Patience (16) drew an episode from her past when she said her then husband would beat her up.

Patience (16) drew her dream; to become a nurse in the future.

Tatu is 17 years old, mother of two children, who got married three years ago. The second drawing shows her current situation with her family. Here is the work she has to do to earn income. She cuts down a tree to make charcoal. And there is the apartment building where they currently live, since they do not have their own house.

This drawing shows Tatu's future plans. She plans to have her own barn and to start with dairy farming.

Here I (Subira, 16) explain my current situation. The big picture in the middle represents me. The picture in the middle top right explains the current situation between me and my father. The pictures show that my father speaks to me rudely and I cry. I no longer have a good relationship with my father.

This last picture shows where I want to stand in the future. Let me start with the first big picture on the left side?


Save the Children runs programmes and is campaigning to address the growing risk of gender-based violence against girls, including child marriage, while supporting girls’ rights to education, health and empowerment so they can participate in decision-making from the community to the global level.

As world leaders prepare to meet at the UN General Assembly in New York today to make commitments to speed up progress for gender inequality on the 25th anniversary of the Beijing Women’s Conference—which, in 1995, led all governments to commit to a ‘Platform for Action’ to achieve equality for women and girls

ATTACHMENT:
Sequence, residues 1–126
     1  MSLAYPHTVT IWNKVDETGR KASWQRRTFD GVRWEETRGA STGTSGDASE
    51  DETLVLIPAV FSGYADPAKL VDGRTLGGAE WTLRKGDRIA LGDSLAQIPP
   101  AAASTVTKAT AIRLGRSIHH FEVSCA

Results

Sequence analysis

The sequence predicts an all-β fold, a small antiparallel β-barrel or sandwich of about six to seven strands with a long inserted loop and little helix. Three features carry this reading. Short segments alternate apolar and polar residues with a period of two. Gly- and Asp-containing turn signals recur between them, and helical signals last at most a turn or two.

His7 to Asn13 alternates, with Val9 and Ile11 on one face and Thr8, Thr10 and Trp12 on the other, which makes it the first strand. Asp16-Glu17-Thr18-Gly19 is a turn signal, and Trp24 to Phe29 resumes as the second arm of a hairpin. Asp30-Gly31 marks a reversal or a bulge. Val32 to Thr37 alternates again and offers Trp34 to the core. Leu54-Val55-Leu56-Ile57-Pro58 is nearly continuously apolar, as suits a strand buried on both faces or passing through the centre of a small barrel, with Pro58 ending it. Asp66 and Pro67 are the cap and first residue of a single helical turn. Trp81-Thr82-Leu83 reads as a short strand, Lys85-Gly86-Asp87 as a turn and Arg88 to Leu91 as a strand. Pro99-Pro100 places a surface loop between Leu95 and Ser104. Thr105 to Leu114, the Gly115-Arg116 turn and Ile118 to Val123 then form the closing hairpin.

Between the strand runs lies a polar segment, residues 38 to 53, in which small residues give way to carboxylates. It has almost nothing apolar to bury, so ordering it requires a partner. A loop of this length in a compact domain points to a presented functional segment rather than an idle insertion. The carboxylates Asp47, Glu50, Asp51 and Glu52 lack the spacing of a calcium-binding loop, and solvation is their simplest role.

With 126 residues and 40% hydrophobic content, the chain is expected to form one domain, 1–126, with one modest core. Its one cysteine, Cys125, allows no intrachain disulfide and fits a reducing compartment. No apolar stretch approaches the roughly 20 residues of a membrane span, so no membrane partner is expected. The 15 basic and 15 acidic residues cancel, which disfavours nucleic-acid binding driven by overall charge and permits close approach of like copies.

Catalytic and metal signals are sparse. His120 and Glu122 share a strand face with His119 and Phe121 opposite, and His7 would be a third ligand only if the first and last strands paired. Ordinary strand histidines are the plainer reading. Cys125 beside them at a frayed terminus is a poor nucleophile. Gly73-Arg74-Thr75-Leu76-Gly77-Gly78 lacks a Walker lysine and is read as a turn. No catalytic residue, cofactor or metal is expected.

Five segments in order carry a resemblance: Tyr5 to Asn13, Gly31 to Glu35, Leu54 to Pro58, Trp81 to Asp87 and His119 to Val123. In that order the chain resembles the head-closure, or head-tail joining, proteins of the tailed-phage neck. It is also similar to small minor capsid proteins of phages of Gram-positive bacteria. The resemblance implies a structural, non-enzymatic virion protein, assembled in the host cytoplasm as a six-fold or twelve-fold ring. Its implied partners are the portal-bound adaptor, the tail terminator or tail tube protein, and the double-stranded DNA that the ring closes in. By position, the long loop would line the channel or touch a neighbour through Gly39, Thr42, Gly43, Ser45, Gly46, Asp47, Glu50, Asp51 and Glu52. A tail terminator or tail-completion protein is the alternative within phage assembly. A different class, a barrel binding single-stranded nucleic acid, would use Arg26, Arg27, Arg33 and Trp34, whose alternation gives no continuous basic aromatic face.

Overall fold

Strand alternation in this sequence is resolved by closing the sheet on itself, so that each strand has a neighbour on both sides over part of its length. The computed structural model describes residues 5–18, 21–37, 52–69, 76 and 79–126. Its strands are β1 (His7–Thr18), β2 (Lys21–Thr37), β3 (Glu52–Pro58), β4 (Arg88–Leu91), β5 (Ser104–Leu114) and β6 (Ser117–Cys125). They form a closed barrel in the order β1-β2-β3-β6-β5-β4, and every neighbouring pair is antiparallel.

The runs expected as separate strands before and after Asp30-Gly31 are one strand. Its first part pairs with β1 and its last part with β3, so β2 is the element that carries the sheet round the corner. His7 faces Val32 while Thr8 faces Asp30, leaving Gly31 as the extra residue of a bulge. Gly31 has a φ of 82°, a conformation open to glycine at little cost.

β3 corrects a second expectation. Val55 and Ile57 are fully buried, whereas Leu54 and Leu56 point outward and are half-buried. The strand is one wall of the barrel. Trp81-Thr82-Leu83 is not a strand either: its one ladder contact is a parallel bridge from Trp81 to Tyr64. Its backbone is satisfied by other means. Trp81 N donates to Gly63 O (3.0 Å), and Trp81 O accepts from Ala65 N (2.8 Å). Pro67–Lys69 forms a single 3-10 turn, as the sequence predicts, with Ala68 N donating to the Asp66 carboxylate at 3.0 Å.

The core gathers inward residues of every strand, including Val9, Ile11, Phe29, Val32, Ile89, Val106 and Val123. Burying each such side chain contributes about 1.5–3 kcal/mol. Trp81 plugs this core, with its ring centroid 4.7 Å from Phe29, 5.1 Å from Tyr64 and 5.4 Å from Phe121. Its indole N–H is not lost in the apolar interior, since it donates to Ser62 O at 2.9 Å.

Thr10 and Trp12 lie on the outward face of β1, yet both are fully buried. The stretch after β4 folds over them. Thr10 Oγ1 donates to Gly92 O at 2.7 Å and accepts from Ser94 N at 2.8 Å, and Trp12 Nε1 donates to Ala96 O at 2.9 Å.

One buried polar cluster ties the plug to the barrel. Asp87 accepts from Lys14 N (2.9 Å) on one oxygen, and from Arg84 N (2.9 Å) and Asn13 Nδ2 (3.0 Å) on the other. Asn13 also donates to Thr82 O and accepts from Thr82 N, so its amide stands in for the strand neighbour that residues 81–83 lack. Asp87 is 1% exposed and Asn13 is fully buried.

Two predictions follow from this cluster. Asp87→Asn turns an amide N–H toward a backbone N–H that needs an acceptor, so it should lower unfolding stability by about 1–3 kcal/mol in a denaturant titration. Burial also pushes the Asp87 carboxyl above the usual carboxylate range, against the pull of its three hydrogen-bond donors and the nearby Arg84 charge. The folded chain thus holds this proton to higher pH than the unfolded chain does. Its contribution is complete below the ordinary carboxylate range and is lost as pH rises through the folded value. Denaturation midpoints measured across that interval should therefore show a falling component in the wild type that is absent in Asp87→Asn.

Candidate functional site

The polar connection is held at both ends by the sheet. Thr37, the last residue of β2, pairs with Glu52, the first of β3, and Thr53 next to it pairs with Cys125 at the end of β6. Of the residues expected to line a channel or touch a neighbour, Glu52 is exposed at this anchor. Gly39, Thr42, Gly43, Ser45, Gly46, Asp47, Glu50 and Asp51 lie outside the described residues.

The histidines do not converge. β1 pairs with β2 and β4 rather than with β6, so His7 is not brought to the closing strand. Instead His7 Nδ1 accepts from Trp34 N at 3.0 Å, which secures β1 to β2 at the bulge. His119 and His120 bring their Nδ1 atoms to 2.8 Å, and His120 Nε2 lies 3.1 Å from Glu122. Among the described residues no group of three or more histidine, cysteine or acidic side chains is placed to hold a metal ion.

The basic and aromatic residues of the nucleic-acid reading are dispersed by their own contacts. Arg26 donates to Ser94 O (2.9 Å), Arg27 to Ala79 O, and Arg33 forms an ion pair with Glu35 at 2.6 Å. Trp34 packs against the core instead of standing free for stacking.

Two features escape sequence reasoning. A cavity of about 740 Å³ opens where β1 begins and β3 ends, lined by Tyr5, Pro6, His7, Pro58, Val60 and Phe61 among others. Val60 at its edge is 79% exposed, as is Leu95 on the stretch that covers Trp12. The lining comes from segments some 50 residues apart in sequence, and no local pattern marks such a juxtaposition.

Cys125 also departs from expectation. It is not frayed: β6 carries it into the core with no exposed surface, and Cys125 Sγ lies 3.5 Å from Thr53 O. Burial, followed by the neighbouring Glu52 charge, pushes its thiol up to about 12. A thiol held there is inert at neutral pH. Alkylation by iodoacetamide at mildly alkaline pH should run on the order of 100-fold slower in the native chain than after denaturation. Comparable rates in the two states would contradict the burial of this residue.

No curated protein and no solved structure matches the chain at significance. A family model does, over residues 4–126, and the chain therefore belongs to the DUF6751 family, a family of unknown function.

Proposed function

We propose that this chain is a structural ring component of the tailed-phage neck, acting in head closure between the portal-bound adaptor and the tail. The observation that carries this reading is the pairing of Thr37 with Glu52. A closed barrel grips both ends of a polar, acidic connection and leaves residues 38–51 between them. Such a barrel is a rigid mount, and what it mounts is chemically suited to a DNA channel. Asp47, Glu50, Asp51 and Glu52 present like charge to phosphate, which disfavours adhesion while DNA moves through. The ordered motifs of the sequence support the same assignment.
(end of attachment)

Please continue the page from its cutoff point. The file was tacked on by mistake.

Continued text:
Sunita, 16, from India’s Bihar state, was forced to marry and leave school at the age of 12. She now advocates against child marriage in her village, participating in community events to raise awareness of girls’ rights.

Save the Children is calling on them to:

  1. Raise girls’ voices by supporting their right to safe and meaningful participation in all public decision-making through the COVID-19 response, recovery and beyond. This includes putting adolescent girls at the centre of the Beijing+25 and Generation Equality decision-making and accountability processes.
  2. Act to address immediate and ongoing risks of gender-based violence: recognise that child protection workers and those who address gender-based violence provide ‘essential services’; strengthen protective systems; act on the UN Secretary-General’s global ceasefire on domestic violence; and continue to implement transformative programming to address the root causes of gender-based violence.
  3. End child marriage and support girls who are already married to realise their rights—through law reform; national action plans that span various sectors like health, education, etc.; and working with communities to build support to change harmful gender norms that cause gender-based violence, including child marriage.
  4. Invest in girls now with new, not repackaged, investments to prevent the worst outcomes of COVID-19 for girls, and to enable progress and lasting change.
  5. Count every girl with improved data collection to put the girls who have been pushed furthest behind first, particularly in humanitarian contexts. This includes disaggregating data by sex, age-group and disability; conducting and building on analysis that looks at how gender and other identities—like class, race and disability—affect girls; and ensuring existing databases on child marriage, including child marriage in humanitarian contexts, fill this critical data gap in accountability to girls.

There’s no doubt the pandemic has made existing gender inequalities worse and risks reversing hard-won progress made over the last few decades. We cannot, and must not, let things spiral even further. t’s time for world leaders to come together to protect a generation of girls so they don’t miss out on the life-changing opportunities they’re just as entitled to as boys, including education. Girls must have a seat at any decision-making table that involves their rights so they can design the future they choose.

Inger Ashing, CEO of Save the Children International

Report: Global Girlhood report 2020: COVID-19 and Progress in Peril The corona pandemic is leading to a significant increase in child marriages and jeopardizing progress toward gender equality for girls. According to a new report by Save the Children, half a million more girls will be forced into marriage in 2020 alone. pdf - 3,41 MB